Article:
‘Old art’ and ‘old music’ still ‘speaks’ to us, because it has universal qualities, transcending time and place. That is the reason behind the iconic value conferred to the great ‘old’ collections in the museums, and the ‘old’ repertoire fêted in the ‘traditional’ concert halls and opera houses. In fact, this ‘old art’ is not old at all, but contemporary for ever, because of its great qualities which can be interpreted again and again by every generation. There is an interaction happening between the living generation and the voices which come to us from the past, a dialogue, and this dialogue is ever new. Concept art and sonic art, whenever attempting to be serious, could create a similar dialogue, but it is different in nature because these art forms have different ‘messages’. Often these messages reflect a negative outlook upon human life, contemporary times, human nature. No doubt, these criticisms have a rightful place in our society, but they should not be seen as natural descendents of the art of former times. Concept art and sonic art are something really new, like photography developing alongside painting in the 19th century. To call concept / sonic art the result of progress and thereby implying that it is just the old art but developed towards and into modernity, is denying the newness of these new art forms altogether. Let it be new, but don’t let it be art in the sense of art of former times. The fact that ‘old art’ and ‘old music’ is still of great importance to us, keeps it new, and presents it as an alternative to what is nowadays establishment modern art and music. Would it not be great if contemporary artists would try to emulate the ‘old art’ and pick-up former artistic values and norms and develop them according to their own insights and life experiences? And indeed, that is already happening for many years: new figurative painting enjoys a renaissance, as does new tonal music based upon ‘traditional’ values. These are not conservative movements but fully modern, contemporary art forms that give the lie to the outdated myth of progressiveness and innovation for its own sake. Are these art forms dull, imitative, derivative, nostalgic recollections of times which have long past? By no means. In contrary, compared to establishment modern art and modern music they are a breath of fresh air, since they explore techniques, values and aesthetics which – as we have seen – are not restricted to time and place and are thus universally valid and renewable.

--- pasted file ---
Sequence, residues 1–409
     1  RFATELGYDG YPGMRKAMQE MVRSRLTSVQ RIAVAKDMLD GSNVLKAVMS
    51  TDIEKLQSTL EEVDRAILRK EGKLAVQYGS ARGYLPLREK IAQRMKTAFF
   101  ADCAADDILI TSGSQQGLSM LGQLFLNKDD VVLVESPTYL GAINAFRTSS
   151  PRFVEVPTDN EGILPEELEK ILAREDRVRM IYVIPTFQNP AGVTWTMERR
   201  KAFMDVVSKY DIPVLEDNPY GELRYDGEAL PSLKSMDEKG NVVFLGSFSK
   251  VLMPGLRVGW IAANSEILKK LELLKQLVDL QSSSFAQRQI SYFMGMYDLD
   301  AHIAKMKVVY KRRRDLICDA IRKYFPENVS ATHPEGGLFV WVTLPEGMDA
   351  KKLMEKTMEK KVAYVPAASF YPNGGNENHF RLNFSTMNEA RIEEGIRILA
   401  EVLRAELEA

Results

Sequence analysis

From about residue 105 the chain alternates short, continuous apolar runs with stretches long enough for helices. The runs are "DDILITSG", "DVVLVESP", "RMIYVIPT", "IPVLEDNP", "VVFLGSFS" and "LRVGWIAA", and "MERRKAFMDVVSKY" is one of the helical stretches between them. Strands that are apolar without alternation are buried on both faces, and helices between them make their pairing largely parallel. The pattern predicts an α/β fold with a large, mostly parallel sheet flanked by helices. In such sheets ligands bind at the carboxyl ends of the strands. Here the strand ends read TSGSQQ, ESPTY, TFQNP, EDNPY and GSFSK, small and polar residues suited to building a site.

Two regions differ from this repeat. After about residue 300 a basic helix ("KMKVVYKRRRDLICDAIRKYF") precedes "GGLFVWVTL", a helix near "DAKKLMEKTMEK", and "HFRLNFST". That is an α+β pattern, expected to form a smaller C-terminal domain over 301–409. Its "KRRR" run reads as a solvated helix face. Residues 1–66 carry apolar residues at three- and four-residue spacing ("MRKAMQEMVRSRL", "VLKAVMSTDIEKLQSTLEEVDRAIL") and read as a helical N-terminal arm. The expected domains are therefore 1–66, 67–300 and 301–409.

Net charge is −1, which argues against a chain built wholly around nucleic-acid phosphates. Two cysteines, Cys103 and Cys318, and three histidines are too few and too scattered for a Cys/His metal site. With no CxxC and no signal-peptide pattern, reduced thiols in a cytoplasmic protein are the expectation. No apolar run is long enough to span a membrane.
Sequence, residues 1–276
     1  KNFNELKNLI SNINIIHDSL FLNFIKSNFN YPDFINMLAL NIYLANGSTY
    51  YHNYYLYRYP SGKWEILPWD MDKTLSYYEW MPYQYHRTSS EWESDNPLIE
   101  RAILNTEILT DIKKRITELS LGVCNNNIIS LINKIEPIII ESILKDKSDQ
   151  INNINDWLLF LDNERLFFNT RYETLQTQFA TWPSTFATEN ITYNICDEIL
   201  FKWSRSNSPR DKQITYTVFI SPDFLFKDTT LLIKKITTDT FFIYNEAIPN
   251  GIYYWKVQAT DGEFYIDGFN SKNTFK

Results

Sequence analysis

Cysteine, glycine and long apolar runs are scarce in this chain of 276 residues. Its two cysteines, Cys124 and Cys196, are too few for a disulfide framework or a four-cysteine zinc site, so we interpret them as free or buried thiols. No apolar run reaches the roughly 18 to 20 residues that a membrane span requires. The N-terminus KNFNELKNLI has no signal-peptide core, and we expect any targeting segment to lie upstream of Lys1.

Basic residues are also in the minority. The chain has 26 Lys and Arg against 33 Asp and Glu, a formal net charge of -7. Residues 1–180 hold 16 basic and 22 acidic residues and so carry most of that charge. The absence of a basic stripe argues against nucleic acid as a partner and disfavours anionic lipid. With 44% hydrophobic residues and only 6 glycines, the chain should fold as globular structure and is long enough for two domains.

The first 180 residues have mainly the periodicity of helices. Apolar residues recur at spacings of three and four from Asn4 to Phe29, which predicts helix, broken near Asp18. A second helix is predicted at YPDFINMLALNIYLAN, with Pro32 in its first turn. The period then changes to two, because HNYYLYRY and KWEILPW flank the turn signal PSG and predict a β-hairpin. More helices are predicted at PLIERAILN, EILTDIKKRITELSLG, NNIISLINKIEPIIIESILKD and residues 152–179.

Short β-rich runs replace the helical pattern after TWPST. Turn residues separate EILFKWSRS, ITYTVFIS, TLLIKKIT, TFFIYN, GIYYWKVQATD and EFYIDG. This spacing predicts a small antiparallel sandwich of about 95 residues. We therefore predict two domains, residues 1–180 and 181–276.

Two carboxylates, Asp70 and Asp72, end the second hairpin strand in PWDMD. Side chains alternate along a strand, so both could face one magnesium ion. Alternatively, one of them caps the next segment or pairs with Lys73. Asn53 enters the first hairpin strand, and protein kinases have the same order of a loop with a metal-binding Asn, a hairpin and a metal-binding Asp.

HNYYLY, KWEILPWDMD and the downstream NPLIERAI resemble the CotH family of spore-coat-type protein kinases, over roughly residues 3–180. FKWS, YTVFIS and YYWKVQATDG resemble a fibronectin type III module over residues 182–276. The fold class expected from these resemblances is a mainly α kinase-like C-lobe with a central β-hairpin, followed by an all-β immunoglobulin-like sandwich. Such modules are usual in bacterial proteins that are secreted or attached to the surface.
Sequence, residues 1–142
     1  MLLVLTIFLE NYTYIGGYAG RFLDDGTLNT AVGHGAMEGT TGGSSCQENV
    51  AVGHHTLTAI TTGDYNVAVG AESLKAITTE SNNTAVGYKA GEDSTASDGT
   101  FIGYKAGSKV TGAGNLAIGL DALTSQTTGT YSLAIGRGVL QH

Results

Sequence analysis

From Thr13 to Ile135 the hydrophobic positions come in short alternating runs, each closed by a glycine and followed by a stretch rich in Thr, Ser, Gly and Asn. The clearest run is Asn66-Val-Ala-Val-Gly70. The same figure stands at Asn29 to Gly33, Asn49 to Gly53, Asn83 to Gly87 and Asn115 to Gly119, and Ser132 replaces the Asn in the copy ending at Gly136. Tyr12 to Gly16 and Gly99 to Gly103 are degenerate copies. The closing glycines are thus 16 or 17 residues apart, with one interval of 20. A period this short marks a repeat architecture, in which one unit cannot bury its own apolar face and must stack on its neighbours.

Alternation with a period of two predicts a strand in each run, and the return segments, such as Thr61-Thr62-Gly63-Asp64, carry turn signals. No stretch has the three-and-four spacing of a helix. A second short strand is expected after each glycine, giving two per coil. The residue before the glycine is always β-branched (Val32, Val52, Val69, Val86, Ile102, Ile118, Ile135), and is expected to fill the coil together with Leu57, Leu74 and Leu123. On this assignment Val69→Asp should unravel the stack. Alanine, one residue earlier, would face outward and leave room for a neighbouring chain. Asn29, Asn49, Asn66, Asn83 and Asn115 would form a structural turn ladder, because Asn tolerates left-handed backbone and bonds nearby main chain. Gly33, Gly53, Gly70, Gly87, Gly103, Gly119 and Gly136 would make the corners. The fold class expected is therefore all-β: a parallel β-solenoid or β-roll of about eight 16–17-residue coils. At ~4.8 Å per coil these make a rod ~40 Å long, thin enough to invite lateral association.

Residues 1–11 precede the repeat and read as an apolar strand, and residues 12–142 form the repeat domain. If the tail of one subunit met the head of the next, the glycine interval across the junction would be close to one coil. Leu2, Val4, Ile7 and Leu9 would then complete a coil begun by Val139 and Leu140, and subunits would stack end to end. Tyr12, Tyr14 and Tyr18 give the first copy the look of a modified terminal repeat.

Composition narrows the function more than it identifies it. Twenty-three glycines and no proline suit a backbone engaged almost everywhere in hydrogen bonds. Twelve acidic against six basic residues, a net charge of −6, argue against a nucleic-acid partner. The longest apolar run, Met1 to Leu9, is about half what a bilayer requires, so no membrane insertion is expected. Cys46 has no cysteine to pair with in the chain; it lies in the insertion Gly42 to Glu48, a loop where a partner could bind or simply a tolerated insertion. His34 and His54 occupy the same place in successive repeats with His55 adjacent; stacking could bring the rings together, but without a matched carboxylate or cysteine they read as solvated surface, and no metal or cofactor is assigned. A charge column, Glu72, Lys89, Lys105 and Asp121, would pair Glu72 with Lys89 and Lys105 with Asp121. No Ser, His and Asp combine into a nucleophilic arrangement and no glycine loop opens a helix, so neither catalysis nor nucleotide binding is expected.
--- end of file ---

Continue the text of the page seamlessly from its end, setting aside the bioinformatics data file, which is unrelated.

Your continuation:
There is a good reason why a Jackson Pollock or an Andy Warhol is not hung next to a Velasquez or a Manet or (even) a Dali, and why there are museums exclusively dedidated to modern art, as there are ‘modern music festivals’ and specialized ensembles and concert venues exclusively dedicated to ‘modern music’, which is mostly sonic art or derivations from pop or ‘world music’. They form a different field of sensibilities and aesthetic values which would rightly be experienced as an intrusion from outside within the context of ‘old’ art and music. But new figurative art mixes very well with the ‘old’ collections, as new classical music fits very well in a regular, classical music programme in a classical concert hall. There is a continuum that naturally flows from the first figurative art and tonal music, till and including new figurative art and new tonal music. The element that unites all the different forms of these arts is mimesis, the old Greek concept of art as representing, and interpreting, reality as experienced by man, including the stirrings of the inner life, and which is realized with means that make use of the forms of perceived reality – in the case of visual art – and means that metaphorically reflect emotional experiences in the case of music. (Mimesis was first formulated by Aristotle.) Thus the visual arts include elements of visual reality, but great art never merely imitates it (as the many religious works amply attest); in music, the flow of lines and the changes in harmony reflect the movements of the emotions, while never merely imitating them (which would result in directionless utterances). In both the visual arts and in music, human experience is stylized in an aesthetic, imagined space, which gives these experiences a meaning and quality on a higher level than when experienced ‘in the raw’. This explains the stimulating effect of great art: it transcends the earthly level of our life into a higher realm, and thus ennobles it, even where the experiences as such are not pleasant at all (like the numerous crucifixions in religious art, which can be considered fairly regular human experiences symbolically re-enacted in mythological form). This transcending quality can, most of the time, not be found in establishment ‘modern art’ and ‘modern music’: they have very different aims.